My Kind of Country

Country music from a fan's point of view since 2008

Tag Archives: The Cherry Bombs

Single Review: Rodney Crowell feat. John Paul White and Rosanne Cash – ‘It Ain’t Over Yet’

maxresdefaultThe celebrity marriage is the stuff of legend in country music, where iconic pairs either come together as the loves in each other’s lives or break apart as fame and fortune stuck their formidable wedge where it shouldn’t belong. The success rate hasn’t been high, which should be expected, from pairs in such an industry.

One such union is that of Rodney Crowell and Rosanne Cash. The pair met when he produced three tracks on her European-Only debut album. She would venture to California to play with his band The Cherry Bombs. They married in 1979 and had their first child in 1980 and moved to Nashville the following year. Cash and Crowell would divorce in 1992.

They’re back together twenty-five years later for “It Ain’t Over Yet,” which finds Crowell tracing their love story in song, from his perspective:

For fools like me who were built for the chase

It takes a right kind of woman to help you put it all in place

It only happened one in my life but man, you should have seen

Her hair two shades of foxtail red

Her eyes some far-out sea blue-green

With stark honesty, he goes on to blame himself for their demise:

I got caught up making a name for myself

You know what that’s about

One day your ship comes rolling in

The next day it rolls right back out

And you can’t take for granted

None of this shit

The higher up you fly boys

The harder it is you’re gonna get hit

Cash takes the reins on the final verse:

I’ve known you forever and ever and ever it’s true

If you came by it easy you wouldn’t be you

You make me laugh

You make me cry

You make me forget myself

I do love the message that in love as in life, we’re only human:

It ain’t over yet

Ask someone who oughta know

Not so very long ago

We were both hung out to dry

It ain’t over yet

You can mark my word

I don’t care what you think you heard

We’re still learning how to fly

It ain’t over yet

There’s so much about this song to admire. “It Ain’t Over Yet” is devoid of animosity, which is remarkable, and paints time as an almighty healer. Crowell, as a songsmith, has never been sharper with his imagery or conviction.

The record itself, though, suffers from overcrowding. As much as I admire John Paul White’s contributions, and his buttery vocal is gorgeous, what is he doing here? He plays an intermediary in an intimate moment that would’ve ultimately shone brighter if it were left to Crowell and Cash alone. That version would’ve been transcendent. This one is a hair slightly below, although still very much worthy.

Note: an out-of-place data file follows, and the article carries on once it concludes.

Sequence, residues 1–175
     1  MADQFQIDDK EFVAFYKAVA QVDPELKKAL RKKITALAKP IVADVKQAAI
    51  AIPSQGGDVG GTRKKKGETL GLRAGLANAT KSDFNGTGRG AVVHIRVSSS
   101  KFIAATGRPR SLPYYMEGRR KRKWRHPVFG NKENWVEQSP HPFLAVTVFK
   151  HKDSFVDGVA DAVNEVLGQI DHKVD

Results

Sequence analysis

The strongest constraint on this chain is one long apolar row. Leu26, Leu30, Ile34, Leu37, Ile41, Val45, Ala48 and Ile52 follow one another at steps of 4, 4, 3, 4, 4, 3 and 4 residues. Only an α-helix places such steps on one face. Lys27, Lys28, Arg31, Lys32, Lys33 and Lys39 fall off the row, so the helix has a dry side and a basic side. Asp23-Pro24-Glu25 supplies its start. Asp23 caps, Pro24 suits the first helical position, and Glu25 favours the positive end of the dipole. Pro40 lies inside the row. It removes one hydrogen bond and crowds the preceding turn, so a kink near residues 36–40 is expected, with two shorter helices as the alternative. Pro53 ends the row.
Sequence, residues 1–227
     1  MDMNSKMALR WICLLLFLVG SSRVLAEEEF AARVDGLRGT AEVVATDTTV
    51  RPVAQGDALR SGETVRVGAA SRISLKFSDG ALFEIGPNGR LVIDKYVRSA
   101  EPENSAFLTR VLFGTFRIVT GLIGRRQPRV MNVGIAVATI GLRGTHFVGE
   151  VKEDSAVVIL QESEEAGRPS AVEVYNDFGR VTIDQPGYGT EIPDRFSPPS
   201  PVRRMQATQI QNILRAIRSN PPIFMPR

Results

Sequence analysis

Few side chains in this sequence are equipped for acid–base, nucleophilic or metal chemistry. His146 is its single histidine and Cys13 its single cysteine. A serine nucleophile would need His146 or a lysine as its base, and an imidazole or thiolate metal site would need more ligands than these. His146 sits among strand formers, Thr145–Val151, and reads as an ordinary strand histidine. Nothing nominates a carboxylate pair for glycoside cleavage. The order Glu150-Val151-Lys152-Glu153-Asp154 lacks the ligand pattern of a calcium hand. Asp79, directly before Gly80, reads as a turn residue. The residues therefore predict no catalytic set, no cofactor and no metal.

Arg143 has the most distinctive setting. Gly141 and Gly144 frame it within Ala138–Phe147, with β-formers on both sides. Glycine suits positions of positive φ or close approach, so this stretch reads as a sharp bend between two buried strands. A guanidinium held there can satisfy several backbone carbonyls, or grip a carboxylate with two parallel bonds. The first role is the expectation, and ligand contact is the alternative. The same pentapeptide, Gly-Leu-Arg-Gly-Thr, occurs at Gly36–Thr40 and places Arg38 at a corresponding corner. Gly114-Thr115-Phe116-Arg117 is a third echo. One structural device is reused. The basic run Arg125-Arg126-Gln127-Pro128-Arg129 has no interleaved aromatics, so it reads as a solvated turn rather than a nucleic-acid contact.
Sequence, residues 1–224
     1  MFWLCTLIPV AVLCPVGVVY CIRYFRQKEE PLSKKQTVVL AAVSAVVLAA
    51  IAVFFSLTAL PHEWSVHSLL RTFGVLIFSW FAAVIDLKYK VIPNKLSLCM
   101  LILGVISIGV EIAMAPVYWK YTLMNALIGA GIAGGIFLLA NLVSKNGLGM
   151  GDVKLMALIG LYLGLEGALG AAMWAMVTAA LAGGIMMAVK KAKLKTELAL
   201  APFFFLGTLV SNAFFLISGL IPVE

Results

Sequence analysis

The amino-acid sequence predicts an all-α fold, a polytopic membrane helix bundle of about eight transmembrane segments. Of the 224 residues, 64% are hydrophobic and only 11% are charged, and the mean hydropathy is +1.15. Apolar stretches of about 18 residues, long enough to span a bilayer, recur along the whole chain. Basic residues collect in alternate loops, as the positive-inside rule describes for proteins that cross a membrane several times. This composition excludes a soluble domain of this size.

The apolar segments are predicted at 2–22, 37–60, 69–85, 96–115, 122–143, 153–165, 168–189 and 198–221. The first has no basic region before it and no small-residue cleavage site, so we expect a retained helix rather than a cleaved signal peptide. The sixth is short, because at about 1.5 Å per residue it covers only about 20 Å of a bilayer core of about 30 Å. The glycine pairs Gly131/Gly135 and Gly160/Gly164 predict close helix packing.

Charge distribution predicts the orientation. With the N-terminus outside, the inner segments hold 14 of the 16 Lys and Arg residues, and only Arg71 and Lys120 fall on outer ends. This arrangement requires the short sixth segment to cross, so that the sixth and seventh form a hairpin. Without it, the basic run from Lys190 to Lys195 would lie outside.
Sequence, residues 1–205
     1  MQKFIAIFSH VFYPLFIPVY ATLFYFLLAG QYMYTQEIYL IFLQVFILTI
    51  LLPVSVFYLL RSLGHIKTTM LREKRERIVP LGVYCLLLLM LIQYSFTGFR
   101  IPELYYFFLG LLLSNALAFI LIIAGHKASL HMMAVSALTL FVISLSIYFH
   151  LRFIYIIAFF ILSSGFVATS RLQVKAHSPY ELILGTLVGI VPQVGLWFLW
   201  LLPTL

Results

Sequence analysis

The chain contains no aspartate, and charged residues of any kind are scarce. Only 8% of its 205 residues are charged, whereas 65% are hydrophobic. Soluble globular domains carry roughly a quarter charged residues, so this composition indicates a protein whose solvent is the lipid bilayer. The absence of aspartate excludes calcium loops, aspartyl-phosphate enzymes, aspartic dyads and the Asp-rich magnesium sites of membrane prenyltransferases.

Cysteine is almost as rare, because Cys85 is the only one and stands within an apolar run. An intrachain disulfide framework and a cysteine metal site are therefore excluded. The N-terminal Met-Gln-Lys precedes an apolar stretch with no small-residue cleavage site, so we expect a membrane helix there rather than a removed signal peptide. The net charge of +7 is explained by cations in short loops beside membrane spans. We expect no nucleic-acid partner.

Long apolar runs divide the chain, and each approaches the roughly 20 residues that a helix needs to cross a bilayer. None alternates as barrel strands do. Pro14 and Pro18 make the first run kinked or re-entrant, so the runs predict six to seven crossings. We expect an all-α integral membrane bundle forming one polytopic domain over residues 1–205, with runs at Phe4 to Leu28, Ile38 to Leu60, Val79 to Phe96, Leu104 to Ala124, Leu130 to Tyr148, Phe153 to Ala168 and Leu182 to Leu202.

Grade: A-

Spotlight Artist – Rodney Crowell

Born in Houston, Texas on August 6, 1950, Rodney Crowell has made a name for himself as one of the finest songwriters in country music.  A difficult family background was also a very musical one and he was a serious musician by his teens.  He moved to Nashville in 1972 to pursue his vocation as a songwriter, and found a first mentor in Jerry Reed before becoming a friend and acolyte of another great Texan songwriter, Guy Clark.

His career took a new turn when Emmylou Harris, who had recorded some of his early songs, recruited him as a seminal member of her Hot Band.  He also had a side project with the Cherry Bombs, a band whose other members included Vince Gill and future record executive Tony Brown.  In 1978 he signed his own deal with Emmylou’s label Warner Brothers.  He was to release three albums for the label in the late 70s and early 80s, but while his blend of country and rock garnered him significant critical acclaim, mainstream success was frustratingly slow to follow.  It certainly wasn’t due to poor material – many of his songs were hits for more established artists including Emmylou and the Oak Ridge Boys and even Crystal Gayle.

Rodney married Johnny Cash’s daughter Rosanne, and in 1981, he put his solo career on hold in favour of producing her records.  That led eventually to his signing with her label Columbia in 1986.  Street Language, his debut for the label was another flop, but it was followed in 1988 by Diamonds & Dirt.  This masterpiece was both a critical and commercial success, with Rodney having mastered a radio friendly sound.  It was the first album in country music history to contain five #1 hits, and is the biggest selling record in Crowell’s career.  The song ‘After All This Time’ won him a Grammy.  However, his hot streak slowed down after that and was not reinvigorated by a move to another major label, MCA, in 1992 (the year he and Rosanne divorced).

After a break from recording in the later 90s, Rodney returned to making music in the new millennium.  He was now primarily a singer songwriter with increasingly less concern for mainstream country, with 2008’s Sex And Gasoline Grammy-nominated in the Folk/Americana category.  He has nonetheless remainded a presence in country music thanks to a number of high profile covers of both older and newer songs, such as George Strait’s revival of ‘Stars On The Water’ and Tim McGraw’s version of Rodney’s ‘Please Remember Me’. He also revived the Notorious Cherry Bombs with Vince Gill.  His latest work, out on 5 June, is a collaboration with poet and writer Mary Karr, who like Rodney had a difficult childhood in Texas.  He is also reportedly working on a duet album with Emmylou Harris.